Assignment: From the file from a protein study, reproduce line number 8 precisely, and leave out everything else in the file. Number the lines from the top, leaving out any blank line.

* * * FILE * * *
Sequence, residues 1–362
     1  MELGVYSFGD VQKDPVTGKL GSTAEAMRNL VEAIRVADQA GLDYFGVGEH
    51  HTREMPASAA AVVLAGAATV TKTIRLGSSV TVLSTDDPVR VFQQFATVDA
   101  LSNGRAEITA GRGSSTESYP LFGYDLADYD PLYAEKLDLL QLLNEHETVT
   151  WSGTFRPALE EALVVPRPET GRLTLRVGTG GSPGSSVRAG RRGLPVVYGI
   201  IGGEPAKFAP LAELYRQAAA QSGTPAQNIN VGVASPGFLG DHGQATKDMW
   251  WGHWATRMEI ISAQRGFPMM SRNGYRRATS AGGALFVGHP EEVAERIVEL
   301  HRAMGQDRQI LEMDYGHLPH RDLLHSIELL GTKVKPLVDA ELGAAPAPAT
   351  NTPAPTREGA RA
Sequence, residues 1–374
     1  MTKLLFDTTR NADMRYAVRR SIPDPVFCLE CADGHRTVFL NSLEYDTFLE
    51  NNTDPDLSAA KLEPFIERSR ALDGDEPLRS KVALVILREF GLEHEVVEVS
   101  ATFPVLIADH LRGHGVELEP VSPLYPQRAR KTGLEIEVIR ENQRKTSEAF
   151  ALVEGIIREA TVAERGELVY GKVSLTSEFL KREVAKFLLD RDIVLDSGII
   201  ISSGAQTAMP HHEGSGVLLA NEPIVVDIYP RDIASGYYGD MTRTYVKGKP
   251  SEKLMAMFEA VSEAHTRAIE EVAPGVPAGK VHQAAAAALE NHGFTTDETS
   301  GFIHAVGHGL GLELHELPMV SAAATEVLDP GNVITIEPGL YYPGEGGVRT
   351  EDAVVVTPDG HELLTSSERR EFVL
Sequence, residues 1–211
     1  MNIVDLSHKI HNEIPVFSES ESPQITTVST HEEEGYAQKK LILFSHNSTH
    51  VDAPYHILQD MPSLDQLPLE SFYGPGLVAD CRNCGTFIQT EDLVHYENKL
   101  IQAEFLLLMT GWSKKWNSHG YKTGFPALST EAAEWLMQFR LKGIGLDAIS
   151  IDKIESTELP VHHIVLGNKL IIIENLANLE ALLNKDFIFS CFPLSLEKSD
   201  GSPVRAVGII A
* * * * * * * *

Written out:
   301  HRAMGQDRQI LEMDYGHLPH RDLLHSIELL GTKVKPLVDA ELGAAPAPAT